Feeding the Ducks

I was seven when my grandfather first took me to feed the ducks. My grandmother gave me three slices of stale bread and sent us on our way with a kiss. I was very surprised when grandad and I walked straight past the duck pond and on towards town. It turned out we weren’t going to feed the ducks at all, in fact we were going to the local betting shop. It was a dark, smoky and smelly establishment full of unsavoury characters — a totally unsuitable place for a little seven year old boy. I loved it!

On the way home I rode on top of grandad’s shoulders and felt like the King of the Giants. Before we arrived back at the house though, he took me off his shoulders and held me up in front of his face so that our eyes were level and whispered, “Remember Peter, we’ve been to feed the ducks. We had a lovely time. We mustn’t tell your grandmother about what we really did, or we’ll never be able to go again. You understand don’t you lad?” I nodded. I did understand. My grandmother was a kind but fearsome woman who wouldn’t approve at all.

After that grandad took me to feed the ducks whenever I went round. It became the thing we did together. The times he won were the greatest days of my life; he’d spin me round in his strong arms, rub my head, call me his lucky little mascot and buy me any sweets I wanted. When he didn’t win though, I’d get no spins or rubs or sweets. Grandfather would merely set his chin in the air and say “You win some, you lose some” or “You need the lows to appreciate the highs” or, if it had gone particularly badly, “This is the last time! Next week, we really will go and feed the ducks!” Thankfully he never carried out threat and we never, ever told my grandmother.

One Saturday, when I was about ten, grandad took me to one side away from grandma.


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“Do you know what’s happening today?” he said.

“No,” I replied and shook my head.

“Today it’s the biggest horse race in the world — The Grand National,” said grandad with his bristly moustache twitching and his eyes sparkling.

“Shall we feed the ducks then?”

“Oh yes, but you haven’t heard the best bit yet!”

“What’s that?”

“There was an Irish horse trainer down at the pub last night and he gave me a little tip. A sure thing he said — a horse named Foinavon with odds of 100-1.” I must have looked at him a little blankly, so he continued. “That means if I put £10 on, I’ll get £1000 back,” he whispered. If grandma heard he was going to put £10 on a horse she would have had his guts for garters. £10 was a large sum of money in those days and £1000 would be a life changing fortune to my grandparents.

My grandmother gave us some very funny looks when I said we were going to feed the ducks.

“Aren’t you getting a little old for feeding ducks?” and “What were you two whispering about?” she asked. I just smiled, shrugged my shoulders and tried to not lie or give the game away.

We trotted down to the betting shop in double quick time. I had never seen it so busy! It was packed with strange looking men in flat caps and overcoats. I had become quite well known to the Saturday regulars, but I got a few funny looks from some of these men. I stayed close to grandad as he placed his bet and we moved over to the TV.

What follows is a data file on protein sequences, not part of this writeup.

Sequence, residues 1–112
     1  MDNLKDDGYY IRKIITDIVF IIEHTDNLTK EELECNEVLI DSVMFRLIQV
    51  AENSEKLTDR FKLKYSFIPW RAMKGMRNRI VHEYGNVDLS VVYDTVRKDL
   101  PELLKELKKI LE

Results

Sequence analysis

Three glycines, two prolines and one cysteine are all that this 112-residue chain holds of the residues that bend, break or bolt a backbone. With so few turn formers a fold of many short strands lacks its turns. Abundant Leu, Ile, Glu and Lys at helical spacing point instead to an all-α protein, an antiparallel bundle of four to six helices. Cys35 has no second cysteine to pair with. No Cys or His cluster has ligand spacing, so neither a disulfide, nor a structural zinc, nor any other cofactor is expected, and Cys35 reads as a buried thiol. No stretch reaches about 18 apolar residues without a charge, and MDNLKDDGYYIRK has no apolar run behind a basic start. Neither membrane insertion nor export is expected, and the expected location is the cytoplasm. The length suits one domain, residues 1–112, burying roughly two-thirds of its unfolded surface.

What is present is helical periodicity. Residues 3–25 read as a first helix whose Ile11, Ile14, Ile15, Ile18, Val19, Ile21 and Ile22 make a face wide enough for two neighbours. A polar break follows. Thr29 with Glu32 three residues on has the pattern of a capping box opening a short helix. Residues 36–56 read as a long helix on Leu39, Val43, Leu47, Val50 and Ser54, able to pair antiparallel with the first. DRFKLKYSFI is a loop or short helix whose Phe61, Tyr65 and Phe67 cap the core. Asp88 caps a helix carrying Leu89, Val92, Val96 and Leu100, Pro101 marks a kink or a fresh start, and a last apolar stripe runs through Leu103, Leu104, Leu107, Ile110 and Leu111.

“Alfred Headlethorpe! What on earth are you doing here? Why have you brought Peter to such an ungodly place? I knew you weren’t feeding the ducks!” Grandad dropped his head and then turned around, as did a few of the other customers. Seeing an old woman in a betting shop was even rarer than seeing a small boy.

“And you Sid? Children aren’t allowed in here!” said my grandmother to the manager, who just shrugged.

“Come on Alfred, Peter, we’re leaving this…,” but at that moment my grandmother was cut short by an enormous collective groan from the punters. There was chaos at one of the fences — none of the horses were making the jump! Ronnie, one of the regulars, turned up the volume on the TV so we could hear the commentary,

“Rondetto has fallen, Princeful has fallen, Norther has fallen, Kirtle Lad has fallen, The Fossa has fallen, there’s a right pile up… And now with all this mayhem, Foinavon has gone off on his own. He’s about 50, 100 yards in front of anything else!”

“That’s our horse!” shouted my grandad, “100-1! That’s our horse!”

He picked me up, spun me round and kissed my forehead. He grabbed my bemused grandmother’s arms and danced them up and down.

He grabbed my bemused grandmother’s arms and danced them up and down.

“We’re rich, we’re rich!” he bellowed as Foinavon romped home to win. Even grandma managed a little smile as grandad danced around the betting shop, telling us of all the wonderful presents he was going to buy.

I never went to feed the ducks with my grandfather again after that. Instead, we called it bike riding. I think my grandmother knew where we were cycling to, but she never said a word about it, just sent us off with a smile and a kiss.


About Paul Jenner

Paul is a 32 year old teacher living and working in Sheffield, England. He has been teaching maths for nearly a decade and has recently decided to try his hand at writing fiction, in-between changing his new son’s nappies and shaping the mathematical minds of tomorrow.

>> Paul Jenner's author page

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